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One Flew over the Cuckoo's Nest is a book that presents a view of society that is still relevant to issues we experience today. In what ways do the characters in the book realistically represent a repressive world?
This is Bromden's vision of Big Nurse as an agent of the combine. The novel offers a compelling presentation of the way society manipulates individuals in order to have power. The hospital is a little world inside that is made to stereotype the big world outside. The Big Nurse uses her powers on the individual patients through humiliating them in the therapeutic meetings in order to keep the ward running smoothly. "The flock gets sight of a spot of blood on some chicken and they all go to peckin' at it, see, till they rip the chicken to shreds, blood and bones and feathers.
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Dale Harding seems relatively sane but there still are some abnormalities about him. He seems to be dominated by his boisterous wife, who intimidates him with her sexuality, and the fact he cant get over his wife's adultery, affects his self confidence and lowers his morale mainly because of his sexual inadequacy. It is quite possible that Harding is a closeted homosexual. Billy Bibbit on the other hand has some certain characteristics that could be seen as abnormal. He appears very young, mainly due to his persistent stutter and without a doubt suffers from paranoia.
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With specific reference to the novel, how would you argue that "One Flew Over the Cuckoo's Nest" has merits that make it a rewarding novel to read?
This is shown in lines filled with vivid imagery and black humour: "Everybody: breath in ... and out ... in perfect order; hearts all beating at the rate the OD cards have ordered. Sound of matched cylinders". (Pg 30) Though this is of course untrue and a result of the narrator Bromden's paranoia, the lines serve to imply to readers the totalitarian and conformist ways of the mental ward. This is representative of the conformity within American society and how individuals either have to conform to fit in or be sent to a mental institution to learn how to.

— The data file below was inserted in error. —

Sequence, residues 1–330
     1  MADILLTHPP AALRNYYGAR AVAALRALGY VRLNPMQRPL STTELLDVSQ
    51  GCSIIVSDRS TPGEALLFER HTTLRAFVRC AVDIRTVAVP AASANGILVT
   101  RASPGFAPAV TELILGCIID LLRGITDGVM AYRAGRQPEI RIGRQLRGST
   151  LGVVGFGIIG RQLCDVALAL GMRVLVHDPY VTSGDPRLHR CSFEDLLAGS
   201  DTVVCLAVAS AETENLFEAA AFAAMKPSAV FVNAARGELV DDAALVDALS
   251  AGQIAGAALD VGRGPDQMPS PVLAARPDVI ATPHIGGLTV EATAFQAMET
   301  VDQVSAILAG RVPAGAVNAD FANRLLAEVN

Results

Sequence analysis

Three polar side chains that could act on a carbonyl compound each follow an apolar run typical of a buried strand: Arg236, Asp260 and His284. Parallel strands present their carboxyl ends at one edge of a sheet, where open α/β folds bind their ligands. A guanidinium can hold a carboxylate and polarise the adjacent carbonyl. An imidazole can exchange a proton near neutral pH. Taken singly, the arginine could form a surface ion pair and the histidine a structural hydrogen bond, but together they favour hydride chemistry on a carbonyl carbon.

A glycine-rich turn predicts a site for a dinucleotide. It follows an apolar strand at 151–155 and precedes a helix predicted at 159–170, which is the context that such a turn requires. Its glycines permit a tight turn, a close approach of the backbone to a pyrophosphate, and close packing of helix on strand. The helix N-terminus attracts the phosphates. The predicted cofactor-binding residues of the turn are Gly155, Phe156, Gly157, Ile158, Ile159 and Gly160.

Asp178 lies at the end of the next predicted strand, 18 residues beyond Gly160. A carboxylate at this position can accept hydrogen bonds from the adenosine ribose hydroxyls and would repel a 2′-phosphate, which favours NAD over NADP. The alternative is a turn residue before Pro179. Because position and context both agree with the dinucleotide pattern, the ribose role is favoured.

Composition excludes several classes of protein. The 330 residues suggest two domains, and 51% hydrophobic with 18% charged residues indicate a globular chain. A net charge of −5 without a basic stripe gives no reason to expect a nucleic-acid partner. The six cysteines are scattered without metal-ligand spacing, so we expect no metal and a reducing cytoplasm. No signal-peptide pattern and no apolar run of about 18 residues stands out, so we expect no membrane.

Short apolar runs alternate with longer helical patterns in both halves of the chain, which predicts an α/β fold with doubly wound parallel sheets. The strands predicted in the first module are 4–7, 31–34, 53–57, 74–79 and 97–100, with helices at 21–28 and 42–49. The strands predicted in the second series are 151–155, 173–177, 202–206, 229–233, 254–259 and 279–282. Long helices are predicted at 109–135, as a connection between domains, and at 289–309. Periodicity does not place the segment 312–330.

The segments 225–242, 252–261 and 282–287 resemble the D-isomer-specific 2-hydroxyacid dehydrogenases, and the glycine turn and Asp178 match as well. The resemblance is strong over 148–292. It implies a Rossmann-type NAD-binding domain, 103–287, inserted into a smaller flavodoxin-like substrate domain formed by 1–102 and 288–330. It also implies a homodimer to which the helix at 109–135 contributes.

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Mac's, vibrant scruffy red hair is significant because it emphasises the difference between himself and the other patients and also that he is bringing color into an otherwise dull and boring ward Randle McMurphy is big, loud, sexual, dirty, and confident everything about his personality suggests a lack of control and will be a constant source of conflict for Nurse Ratched- he represents anarchy, disobedience, and lack of control while she represents rules, order and authority. Through Chief Bromden's narration it is clearly established that McMurphy is not, in fact, crazy, but trying to manipulate the system to his own advantage.
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They use their characters to portray the negative understanding of mental illnesses. In Kesey's One Flew Over the Cuckoo's Nest, Kesey uses his main character to emphasize the negative aspect of the treatment towards the mentally insane. In Plath's The Bell Jar, Plath uses her main character to emphasize that insanity can be rational as well as the negative aspects of the treatments used to "cure" the mentally insane. Kesey and Plath both provide intelligent ideas in an attempt to rebel against the conformities of society. Their ideas revolve around the negative labeling of the insane made by society and the emphasis on the significance of the inhumane treatments.
- Word count: 1674
By means of a close reading of the passage 'The big hard body...' to '...I been away a long time' consider in what ways this is an appropriate conclusion to one flew over the cuckoos nest.
'...he commences to laugh...But its not the way the Public Relation laughs, its free and loud and comes out of wide grinning mouth...' he is always referred to as having an independent mind, and although he has faults, for example gambling, the reader is aware that McMurphy is better with his faults than without, faults are what makes a person different from the rest, and faults are what makes a person who they are. In the concluding passage the Cheif smothers McMurphy and considers a person without a mind to be already dead.
- Word count: 1067
This gives the Chief, and the readers, a privileged viewpoint of the events in the novel. A scene in which this is particularly relevant is in the staff meeting: ?The staff always let me clean the room because they didn?t think I could hear.? In the ward, the staff always discuss private matters in the staff meeting and because the Chief stays in the room, he hears all the secrets. In this staff meeting, the Nurse makes it clear that she doesn?t like McMurphy or his motives. We also gain insight into the fact that there is a clear struggle for power between the Nurse and McMurphy and that the Nurse feels that her power is being threatened by McMurphy?s arrival at the ward.
- Word count: 1109